Many of us know the symptoms of anxiety: nervousness, increased heart rate, sweating, trembling, hyperventilating, and an impending sense of doom. But these symptoms can ricochet and cause subtle shifts in how you show up at work.
As a psychotherapist, I help patients tackle communication, performance issues and motivation issues that are often triggered by anxiety.
It can be difficult to make the connection between anxiety and work struggles. But combating anxiety starts with identifying it. Here are three surprising signs anxiety might be holding you back at work:
1. You struggle with collaborations.
Anxiety can cause you to be irritable, tense or fearful of how you are perceived, which may make it difficult to collaborate and create positive relationships.
2. You’re unable to complete tasks on time.
Do you spend a lot of time worrying? Or do you dread turning in deliverables for fear that your boss will point out a mistake? Anxiety can distract you or cause you to procrastinate, making it harder to meet deadlines.
3. You’re tired and lack focus.
Anxiety can make it difficult to sleep at night, especially if you spend late night hours reviewing everything you could’ve done wrong. This may cause fatigue and distractibility at work.
How to work through your anxiety
The good news is that anxious feelings can be managed with simple techniques. Here are three ways to calm anxiety at work:
1. Thought stopping
Stop your anxious thoughts before they become a runaway train by saying “Stop!” out loud to yourself or by lightly snapping a rubber band on your wrist. Then replace your thoughts with evidence that you can observe in the real world.
For example, you might be thinking: “My boss scheduled a 15-minute meeting with me. That’s never happened before. I obviously messed up with the last assignment. I’m getting fired.”
To use thought stopping, you could say: “Stop! Maybe I there make a mistake, but that’s why I have a boss to give me feedback so I can correct it next time. Fifteen minutes would not be long enough to tell me that I ruined everything and am getting fired. And she didn’t invite HR.”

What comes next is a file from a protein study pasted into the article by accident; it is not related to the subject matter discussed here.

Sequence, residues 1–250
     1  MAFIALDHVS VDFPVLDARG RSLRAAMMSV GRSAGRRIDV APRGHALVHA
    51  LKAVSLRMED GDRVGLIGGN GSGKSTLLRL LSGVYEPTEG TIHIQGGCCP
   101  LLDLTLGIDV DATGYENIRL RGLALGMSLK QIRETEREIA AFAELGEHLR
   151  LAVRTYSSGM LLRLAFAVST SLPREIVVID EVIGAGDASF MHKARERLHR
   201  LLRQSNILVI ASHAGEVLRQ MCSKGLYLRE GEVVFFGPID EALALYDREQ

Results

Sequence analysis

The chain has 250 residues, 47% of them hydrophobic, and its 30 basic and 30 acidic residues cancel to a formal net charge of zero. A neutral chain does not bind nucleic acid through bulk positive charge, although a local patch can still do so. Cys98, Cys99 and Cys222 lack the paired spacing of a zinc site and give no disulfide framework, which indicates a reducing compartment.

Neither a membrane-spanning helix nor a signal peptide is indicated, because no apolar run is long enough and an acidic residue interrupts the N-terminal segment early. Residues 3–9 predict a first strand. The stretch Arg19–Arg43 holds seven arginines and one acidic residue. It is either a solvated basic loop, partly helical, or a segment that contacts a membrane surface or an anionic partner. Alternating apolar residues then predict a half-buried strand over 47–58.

2. Box breathing
This technique has four steps:
- Take a slow inhale counting to four seconds.
- Hold your breath for four seconds.
- Slowly exhale through your mouth counting to four seconds.
- Repeat steps 1 to 3 until you feel calm and centered again.
As you’re breathing, use your eyes to trace a square or rectangle shape anywhere in your line of sight.
This might look like sitting at your desk and tracing your eyes across the top of your computer monitor for four counts, down the right side for four counts, across the bottom for four counts, and up the left side for four counts.
Like a shorter version of meditation, box breathing forces your brain to focus on one repetitive thing and slow your breathing, which leads to a more relaxed nervous system.
3. Physical grounding
Stress can lead to feelings of disconnection with the body, which can intensify panic.
To combat this, pay attention to your senses. Sit up tall and straight in your chair, put your feet on the ground and your hands on the armrest.
Notice little things around you that you might not always notice, like the color of the flecks in the carpet or the hum of your computer.
By using external sources to bring your body back to stasis, you are reminding your body that its experience of stress is temporary and can be altered with your intervention.
Jenny Maenpaa, LCSW, EdM, is a psychotherapist and founder of Forward in Heels, an intersectional feminist group therapy practice in New York City that empowers all women to stand tall and own their worth so they can light up the world. She recently launched Do the FIREwork, an evidence-based program for workplace wellness.
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